It's still probably pretty unusual but definitely we can see children who have bipolar disorder that looks just like what you see in teens and adults. Where the trickier issue comes in it that there's now much more recognition that there's another probably larger group of children that really struggle with this very severe irritability that you were just referring to. Flying off the handle a lot, having a great deal of difficulty regulating their mood on a day-to-day basis. The kind of behavior that we're talking about here can be really quite extreme, and it's very impairing to both the children and their families. It's not just at home. It's also at school, with friends. And I think that what the piece in the New York Times did a good job of was really communicating how this is quite clearly outside the bounds of what one would consider to be usual, kind of childhood behavior.
MARTIN: Yes, even sort of behavior that could be implicated by parenting practice.
Dr. LEIBENLUFT: Clearly it's beyond those - that realm. And also, parents try - parents try all kinds of things, and I think this was also very well portrayed in the article. These parents go for help and they receive help and they follow all the instructions that they have been given. And they work really hard to try to set limits appropriately to help the child appreciate that things don't always go your way, but that just doesn't work.
MARTIN: Doesn't work. Cassandra, your daughter, Maya(ph), was diagnosed with bipolar disorder at the age of 15. But you said she displayed symptoms when she was a toddler. Can you talk about that?
Ms. JOUBERT: Sure. I noticed that she was very easily agitated over just most minor, sort of everyday occurrences, which would set her off. And she had these extended crying spells. And I'd have to say, even before toddlerhood, as an infant, she laughed a lot, she didn't like to be touched, she was easily over-stimulated, and that just sort of grew and got worse with time. By the time she got to school and was around other kids, she just absolutely could not handle, you know, a classroom of 40 kids and would end up getting into all sorts of little tits and tats and then later fight, actually, as she got older. And it just sort of never went away.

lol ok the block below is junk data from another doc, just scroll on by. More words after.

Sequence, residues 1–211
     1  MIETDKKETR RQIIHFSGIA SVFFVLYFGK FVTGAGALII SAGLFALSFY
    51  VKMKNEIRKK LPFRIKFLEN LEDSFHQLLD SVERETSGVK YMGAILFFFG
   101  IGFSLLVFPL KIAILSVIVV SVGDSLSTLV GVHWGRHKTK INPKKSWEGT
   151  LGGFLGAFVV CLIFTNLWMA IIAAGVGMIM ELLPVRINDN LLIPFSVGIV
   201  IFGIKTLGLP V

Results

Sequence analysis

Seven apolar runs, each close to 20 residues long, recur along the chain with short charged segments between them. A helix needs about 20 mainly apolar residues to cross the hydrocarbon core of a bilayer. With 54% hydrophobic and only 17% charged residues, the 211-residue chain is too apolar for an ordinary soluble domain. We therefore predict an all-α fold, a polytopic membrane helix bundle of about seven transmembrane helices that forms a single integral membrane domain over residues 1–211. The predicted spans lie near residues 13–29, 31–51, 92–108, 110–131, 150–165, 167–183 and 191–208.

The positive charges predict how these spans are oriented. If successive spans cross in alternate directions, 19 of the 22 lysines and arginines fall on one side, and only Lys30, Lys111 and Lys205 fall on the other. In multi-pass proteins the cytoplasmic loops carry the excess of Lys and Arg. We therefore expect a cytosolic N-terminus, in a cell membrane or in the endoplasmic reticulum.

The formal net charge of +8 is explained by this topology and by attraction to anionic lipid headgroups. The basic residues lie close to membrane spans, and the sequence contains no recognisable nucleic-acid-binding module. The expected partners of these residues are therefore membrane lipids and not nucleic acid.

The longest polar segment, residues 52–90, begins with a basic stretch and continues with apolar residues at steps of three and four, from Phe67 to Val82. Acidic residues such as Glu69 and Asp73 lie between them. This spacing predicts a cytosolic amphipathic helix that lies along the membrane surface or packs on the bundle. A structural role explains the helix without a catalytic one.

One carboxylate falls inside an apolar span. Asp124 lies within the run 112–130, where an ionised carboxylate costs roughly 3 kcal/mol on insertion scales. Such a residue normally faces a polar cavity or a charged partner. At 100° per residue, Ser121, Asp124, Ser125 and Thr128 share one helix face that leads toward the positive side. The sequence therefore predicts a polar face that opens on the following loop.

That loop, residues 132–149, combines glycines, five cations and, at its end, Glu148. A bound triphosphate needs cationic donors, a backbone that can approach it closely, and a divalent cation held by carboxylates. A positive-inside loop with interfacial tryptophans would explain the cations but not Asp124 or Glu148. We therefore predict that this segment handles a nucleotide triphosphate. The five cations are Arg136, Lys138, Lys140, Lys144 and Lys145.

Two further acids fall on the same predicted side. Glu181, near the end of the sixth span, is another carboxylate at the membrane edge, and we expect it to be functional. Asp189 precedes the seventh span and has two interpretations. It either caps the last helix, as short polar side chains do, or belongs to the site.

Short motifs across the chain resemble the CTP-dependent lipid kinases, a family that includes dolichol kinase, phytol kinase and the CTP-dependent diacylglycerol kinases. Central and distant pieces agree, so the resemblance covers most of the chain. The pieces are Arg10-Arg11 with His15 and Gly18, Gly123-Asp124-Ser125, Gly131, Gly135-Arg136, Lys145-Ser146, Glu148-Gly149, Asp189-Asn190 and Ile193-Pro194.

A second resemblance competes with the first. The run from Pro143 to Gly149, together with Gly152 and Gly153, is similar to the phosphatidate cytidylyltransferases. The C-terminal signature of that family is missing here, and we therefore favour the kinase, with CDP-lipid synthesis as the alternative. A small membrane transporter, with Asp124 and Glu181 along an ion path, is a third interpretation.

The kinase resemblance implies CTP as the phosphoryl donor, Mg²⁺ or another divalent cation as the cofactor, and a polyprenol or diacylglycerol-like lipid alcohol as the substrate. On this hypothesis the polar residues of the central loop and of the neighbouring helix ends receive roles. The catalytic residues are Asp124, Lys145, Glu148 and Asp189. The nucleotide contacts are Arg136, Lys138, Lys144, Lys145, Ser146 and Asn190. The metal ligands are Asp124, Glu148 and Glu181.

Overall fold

MARTIN: What did you think was wrong or what were you being told was wrong from the time - if this started when she was two and she was only diagnosed when she was 15, you must have had 13 years' worth of medical visits and, you know, tearing your hair out trying to figure out what was wrong. What were you being told all this time?
Ms. JOUBERT: Well, the first conversation about her behavior was in first grade, and I was simply told that she was - by her teacher that she was very volatile and that they wanted to have her evaluated. And they brought a psychologist into the classroom and that psychologist said, well, maybe, you know, she has ADHD. She didn't quite meet all of the criteria but that was the initial diagnosis, and they started her on Ritalin when she was about six. And then that actually helped her quite a bit because I guess she actually has both bipolar and ADHD, but when she got to puberty, everything just went haywire and nothing worked anymore, and at that point they felt that she was just depressed, that she was so angry all the time and punching her classmates so they started her on Zoloft, an anti-depressant, which just - from there things started to spiral because, you know, she really did not have just the depression, she was truly bipolar.